Tips for when you forget to say thanks:
- Throw a client appreciation party
- Offer to take them out to lunch, without any business talk
- Pass them some referrals that will help their business grow
- Get them tickets to one of their favorite events (i.e. sports, theater, concerts, etc.)
- Send them value-added thanks (forward white papers, case studies or articles that could help support or generate new ideas for their business)
Does your doggie bag have a hole?
Often we have great intentions on staying in touch with our customers. However we may find ourselves forgetting to touch base with the client as often as we used to in the beginning of the relationship. We may get ourselves into a real “mess” if our customer service approach has a hole in it.
How can we do better? I am looking into following up with clients after a large project to make sure the experience was a good one by conducting a survey through Survey Monkey. Each time I work on a piece with a client or if I have been working with a long-term client for at least 6 months, I want to send them a survery. It’s an easy way to show you care about their success. How do you get them to fill it out? I hear gift cards to coffee shops and a copy of a business book are all good ways to motivate. And who doesn’t like to get “stuff”. Here’s an article on how one small business owner handles “staying in touch”.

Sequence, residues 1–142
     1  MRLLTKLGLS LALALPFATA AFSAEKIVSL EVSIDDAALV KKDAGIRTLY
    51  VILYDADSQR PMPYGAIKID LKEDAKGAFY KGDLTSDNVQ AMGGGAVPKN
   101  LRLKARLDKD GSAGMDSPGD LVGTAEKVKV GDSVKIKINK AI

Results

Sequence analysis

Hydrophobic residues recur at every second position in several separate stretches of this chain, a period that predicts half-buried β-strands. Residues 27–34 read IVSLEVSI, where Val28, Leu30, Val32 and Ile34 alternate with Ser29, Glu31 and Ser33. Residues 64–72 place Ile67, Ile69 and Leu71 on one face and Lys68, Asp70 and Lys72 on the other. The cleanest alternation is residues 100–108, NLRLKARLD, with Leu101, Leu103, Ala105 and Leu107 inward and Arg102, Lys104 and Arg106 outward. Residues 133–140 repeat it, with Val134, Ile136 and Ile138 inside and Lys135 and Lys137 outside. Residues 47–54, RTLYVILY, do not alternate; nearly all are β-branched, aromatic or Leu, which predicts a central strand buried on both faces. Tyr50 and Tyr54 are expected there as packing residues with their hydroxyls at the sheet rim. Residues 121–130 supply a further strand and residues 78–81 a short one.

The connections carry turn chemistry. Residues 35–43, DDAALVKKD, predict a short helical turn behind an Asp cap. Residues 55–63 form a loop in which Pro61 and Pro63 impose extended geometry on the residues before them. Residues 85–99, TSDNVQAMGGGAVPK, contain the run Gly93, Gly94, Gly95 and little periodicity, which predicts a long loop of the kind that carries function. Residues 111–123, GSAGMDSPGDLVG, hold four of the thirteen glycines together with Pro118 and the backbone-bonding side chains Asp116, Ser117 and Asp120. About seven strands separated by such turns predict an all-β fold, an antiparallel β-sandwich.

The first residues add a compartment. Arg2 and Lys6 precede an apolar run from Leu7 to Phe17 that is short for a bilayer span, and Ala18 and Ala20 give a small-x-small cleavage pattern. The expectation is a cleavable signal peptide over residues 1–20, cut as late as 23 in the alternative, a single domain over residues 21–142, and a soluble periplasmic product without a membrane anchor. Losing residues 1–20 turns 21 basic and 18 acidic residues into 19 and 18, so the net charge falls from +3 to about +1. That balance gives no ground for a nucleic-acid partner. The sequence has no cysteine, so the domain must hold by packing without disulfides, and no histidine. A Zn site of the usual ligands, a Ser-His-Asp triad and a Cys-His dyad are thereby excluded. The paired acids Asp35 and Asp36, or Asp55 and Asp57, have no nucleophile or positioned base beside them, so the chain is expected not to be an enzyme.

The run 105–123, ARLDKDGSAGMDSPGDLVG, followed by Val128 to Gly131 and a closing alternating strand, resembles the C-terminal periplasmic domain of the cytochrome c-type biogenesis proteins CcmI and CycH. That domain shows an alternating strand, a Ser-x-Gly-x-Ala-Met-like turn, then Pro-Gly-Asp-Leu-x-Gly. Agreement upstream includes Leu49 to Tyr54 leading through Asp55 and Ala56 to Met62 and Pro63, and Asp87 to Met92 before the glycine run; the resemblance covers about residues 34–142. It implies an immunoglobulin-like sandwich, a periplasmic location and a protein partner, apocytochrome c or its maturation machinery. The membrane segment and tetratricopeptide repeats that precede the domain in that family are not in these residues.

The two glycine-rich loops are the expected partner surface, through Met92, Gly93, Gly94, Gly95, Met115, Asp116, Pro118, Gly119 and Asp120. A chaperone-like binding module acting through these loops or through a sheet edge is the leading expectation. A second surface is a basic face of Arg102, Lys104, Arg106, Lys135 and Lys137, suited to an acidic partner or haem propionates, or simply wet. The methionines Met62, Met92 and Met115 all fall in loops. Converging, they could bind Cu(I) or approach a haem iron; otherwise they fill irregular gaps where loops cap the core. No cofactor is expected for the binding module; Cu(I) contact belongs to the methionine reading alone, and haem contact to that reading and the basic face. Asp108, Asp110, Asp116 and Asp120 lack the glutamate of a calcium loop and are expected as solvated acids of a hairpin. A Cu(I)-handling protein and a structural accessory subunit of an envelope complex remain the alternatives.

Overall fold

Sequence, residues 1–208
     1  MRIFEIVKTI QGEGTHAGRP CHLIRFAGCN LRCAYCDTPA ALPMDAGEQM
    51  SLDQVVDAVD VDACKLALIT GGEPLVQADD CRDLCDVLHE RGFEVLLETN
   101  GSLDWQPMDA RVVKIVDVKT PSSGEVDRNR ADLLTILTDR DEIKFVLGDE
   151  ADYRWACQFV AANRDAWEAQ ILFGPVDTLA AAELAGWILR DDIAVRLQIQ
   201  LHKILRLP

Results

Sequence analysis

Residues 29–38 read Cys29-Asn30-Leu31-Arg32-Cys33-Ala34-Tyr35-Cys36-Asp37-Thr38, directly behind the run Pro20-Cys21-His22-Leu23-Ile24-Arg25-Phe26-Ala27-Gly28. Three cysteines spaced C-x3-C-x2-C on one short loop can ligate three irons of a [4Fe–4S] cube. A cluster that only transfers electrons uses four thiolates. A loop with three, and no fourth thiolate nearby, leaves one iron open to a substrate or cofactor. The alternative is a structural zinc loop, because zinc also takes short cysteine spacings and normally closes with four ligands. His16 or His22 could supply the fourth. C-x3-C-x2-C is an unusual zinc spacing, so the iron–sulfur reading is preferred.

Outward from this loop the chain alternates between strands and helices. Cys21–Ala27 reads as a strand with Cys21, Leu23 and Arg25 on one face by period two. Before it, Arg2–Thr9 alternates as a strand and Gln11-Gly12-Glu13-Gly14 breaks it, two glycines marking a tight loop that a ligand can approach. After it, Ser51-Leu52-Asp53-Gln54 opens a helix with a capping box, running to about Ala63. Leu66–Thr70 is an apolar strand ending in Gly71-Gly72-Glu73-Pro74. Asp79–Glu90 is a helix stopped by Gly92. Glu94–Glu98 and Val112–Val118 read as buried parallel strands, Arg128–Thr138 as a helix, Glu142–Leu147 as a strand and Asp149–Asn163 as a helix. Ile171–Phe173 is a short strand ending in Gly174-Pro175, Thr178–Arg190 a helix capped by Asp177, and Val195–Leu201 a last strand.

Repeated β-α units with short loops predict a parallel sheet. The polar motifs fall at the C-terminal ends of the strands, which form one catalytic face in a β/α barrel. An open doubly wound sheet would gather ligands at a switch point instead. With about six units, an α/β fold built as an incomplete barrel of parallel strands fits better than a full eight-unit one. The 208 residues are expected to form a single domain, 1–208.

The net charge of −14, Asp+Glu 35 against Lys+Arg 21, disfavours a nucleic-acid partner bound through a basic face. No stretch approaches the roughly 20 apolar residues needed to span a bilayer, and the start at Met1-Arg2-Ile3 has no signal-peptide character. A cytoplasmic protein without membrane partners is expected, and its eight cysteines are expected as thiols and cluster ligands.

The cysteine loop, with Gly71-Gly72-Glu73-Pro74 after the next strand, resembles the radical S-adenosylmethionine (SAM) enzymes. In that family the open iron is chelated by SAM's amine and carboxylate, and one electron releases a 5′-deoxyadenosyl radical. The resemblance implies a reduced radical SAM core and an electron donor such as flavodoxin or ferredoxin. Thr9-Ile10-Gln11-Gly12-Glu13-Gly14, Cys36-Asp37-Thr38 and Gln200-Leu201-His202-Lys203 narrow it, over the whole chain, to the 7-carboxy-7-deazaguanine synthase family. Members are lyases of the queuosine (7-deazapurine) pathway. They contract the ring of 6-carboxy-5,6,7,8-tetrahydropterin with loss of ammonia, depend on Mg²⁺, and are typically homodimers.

Do you pack extra bags?
It happens to each of us. We forget a birthday or we don’t remember to honor a business’ anniversary. Opps! So wouldn’t you save yourself a ton of embarrassment if you had some extra “doggie bags” ready to go in case of emergency?
If this sounds like you, Send Out Cards is a great way to safety yourself! My friend, Lori Carter is a representative for them and does an outstanding job presenting new and innovative ways to connect with your client base. Her company, Send Out Cards gives you the ability to mail a greeting card from your desktop and even attach a gift if you choose.
So the next time you “head out” on your journey, make sure you bring “the bag”. Clients appreciate a follow-up call. Often, they have a lot going on too and it’s nice to know someone is out there who cares.
To better client service!
I just read an interesting article about email marketing which states:
Instantly, I found myself thinking …
“Okay what filters can I set”
“What Spam settings will help”